In order to access advanced courses in science, technology, engineering, and mathematics (STEM), college students must first master math concepts in algebra, and many students enter college under-prepared for this subject. There are many reasons why students fail to master algebra by the time they enter college, including deficiencies in their educational experience, issues with language fluency, access to educational resources, psychiatric issues such as anxiety, and challenges associated with disabilities including physical, learning, and executive functioning challenges (such as Attention Deficit/Hyperactivity Disorder, AD/HD). Regardless of the reason, students who do not master secondary-level mathematics must typically take developmental (remedial) courses in college prior to enrolling in more advanced STEM studies.
In an effort to improve the learning outcomes for students with disabilities, especially those students with invisible disabilities such as learning disabilities and AD/HD, Landmark college developed a project entitled Universal Design in College Algebra: Customizing Learning Resources for Two Year Students with Learning Disabilities . This project, funded by the National Science Foundation's Research in Disabilities Education (RDE) program , engaged in a number of activities, including gathering input from faculty and students, to develop universally designed online math resources and incorporate them in developmental courses. Based on feedback from students and instructors, a number of products were developed and made available including:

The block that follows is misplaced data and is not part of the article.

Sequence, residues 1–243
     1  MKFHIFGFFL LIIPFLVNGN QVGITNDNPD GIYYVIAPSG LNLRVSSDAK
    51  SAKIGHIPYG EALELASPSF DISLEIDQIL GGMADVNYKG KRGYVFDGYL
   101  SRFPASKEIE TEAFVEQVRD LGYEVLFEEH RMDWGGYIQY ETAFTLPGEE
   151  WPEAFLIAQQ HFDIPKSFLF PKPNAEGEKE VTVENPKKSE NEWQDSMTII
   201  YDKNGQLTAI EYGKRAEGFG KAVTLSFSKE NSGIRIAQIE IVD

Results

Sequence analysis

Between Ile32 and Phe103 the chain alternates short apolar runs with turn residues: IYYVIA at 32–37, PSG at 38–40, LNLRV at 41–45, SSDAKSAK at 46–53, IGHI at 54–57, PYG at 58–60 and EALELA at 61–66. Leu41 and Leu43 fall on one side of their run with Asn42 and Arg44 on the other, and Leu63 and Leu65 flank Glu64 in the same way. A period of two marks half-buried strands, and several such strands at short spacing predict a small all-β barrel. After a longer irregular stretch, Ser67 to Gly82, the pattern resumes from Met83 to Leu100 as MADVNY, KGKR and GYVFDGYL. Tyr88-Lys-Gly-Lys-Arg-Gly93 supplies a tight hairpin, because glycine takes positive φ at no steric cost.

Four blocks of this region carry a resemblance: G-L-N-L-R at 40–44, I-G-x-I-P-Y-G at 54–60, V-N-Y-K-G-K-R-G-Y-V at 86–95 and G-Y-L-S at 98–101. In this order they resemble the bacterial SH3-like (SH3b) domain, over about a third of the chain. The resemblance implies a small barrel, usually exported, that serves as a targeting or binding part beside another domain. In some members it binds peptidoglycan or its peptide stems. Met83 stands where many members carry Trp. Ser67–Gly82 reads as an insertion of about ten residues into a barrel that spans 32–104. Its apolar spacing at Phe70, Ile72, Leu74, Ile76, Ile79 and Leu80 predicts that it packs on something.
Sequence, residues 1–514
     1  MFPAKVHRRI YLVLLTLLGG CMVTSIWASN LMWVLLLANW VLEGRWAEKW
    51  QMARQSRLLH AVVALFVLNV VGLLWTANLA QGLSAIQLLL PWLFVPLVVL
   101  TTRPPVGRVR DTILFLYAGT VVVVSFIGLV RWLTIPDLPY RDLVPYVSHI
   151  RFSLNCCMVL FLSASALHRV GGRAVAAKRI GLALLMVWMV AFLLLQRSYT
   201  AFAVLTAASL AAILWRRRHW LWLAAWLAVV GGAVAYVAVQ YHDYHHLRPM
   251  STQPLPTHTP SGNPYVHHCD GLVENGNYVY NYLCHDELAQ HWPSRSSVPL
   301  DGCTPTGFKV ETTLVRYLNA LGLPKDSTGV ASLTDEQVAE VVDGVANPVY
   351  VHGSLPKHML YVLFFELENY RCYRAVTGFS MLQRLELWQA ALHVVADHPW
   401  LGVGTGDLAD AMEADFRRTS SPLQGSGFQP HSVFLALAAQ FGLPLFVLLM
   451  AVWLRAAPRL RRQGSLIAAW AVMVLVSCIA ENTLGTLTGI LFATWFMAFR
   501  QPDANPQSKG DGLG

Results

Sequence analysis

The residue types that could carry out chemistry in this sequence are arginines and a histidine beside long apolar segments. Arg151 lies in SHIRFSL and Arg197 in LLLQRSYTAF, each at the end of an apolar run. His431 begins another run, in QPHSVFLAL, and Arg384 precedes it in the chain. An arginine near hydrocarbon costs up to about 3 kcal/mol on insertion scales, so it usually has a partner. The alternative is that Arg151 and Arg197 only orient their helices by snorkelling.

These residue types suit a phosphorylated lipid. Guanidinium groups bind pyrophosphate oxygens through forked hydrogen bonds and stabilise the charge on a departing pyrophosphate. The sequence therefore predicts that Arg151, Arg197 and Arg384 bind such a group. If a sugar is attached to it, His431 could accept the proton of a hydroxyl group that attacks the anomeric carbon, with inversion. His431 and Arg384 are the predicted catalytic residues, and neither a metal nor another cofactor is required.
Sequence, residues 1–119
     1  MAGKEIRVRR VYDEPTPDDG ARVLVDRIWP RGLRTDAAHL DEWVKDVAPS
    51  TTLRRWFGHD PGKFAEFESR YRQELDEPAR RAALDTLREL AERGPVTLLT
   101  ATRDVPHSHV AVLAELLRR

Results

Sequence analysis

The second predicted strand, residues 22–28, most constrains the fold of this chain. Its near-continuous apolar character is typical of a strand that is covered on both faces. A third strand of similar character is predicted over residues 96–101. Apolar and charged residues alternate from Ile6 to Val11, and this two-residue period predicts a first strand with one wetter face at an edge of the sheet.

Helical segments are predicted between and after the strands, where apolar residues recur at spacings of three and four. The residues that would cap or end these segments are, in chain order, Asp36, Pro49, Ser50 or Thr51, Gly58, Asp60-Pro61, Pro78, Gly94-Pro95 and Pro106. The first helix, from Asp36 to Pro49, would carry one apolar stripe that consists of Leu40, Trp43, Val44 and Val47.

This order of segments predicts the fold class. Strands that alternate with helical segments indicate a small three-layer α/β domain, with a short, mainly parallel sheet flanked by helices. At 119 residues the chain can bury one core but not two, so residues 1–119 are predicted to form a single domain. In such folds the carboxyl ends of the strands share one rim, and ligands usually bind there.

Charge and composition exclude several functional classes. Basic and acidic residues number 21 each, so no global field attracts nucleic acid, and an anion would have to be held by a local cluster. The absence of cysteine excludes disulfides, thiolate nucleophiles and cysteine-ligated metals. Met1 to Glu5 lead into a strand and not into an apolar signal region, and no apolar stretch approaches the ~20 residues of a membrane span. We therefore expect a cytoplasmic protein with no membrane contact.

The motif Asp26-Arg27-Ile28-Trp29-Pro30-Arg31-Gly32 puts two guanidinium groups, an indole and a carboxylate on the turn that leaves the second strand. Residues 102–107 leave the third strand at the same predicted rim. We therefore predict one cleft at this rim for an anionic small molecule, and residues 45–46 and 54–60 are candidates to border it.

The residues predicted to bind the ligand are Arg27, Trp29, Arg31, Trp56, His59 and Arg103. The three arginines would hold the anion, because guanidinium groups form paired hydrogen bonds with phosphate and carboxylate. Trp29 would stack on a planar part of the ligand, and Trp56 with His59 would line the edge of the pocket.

- learning resources covering factoring and exponents,
- a set of design guidelines for developers of online learning resources,
- professional development materials highlighting math-related challenges experienced by students,
- a design rubric and a universal usability checklist for web-based math resources that can be used by students and instructors to evaluate the effectiveness of learning resources, and
- sample lesson plans for instructors.
This project is a promising practice because redesigning the online learning resources not only resulted in materials that were accessible to students with disabilities, but they were also more simple and intuitive, with clear information about the algebra-related learning goals, and opportunities to practice algebra skills with progressive feedback. Students who accessed these resources reported higher levels of math self-confidence as well as more positive attitudes toward math in general.
This article was developed through the RDE Collaborative Dissemination Project (National Science Foundation Research in Disabilities Education Award #HRD-0929006) and RDE-DEI: Universal Design in College Algebra: Customizing Learning Resources for Two Year Students with Learning Disabilities (National Science Foundation Research in Disabilities Education Award #HRD-0726252).
-  Universal Design in College Algebra: Customizing Learning Resources for Two Year Students with Learning Disabilities
-  Research in Disabilities Education (RDE) program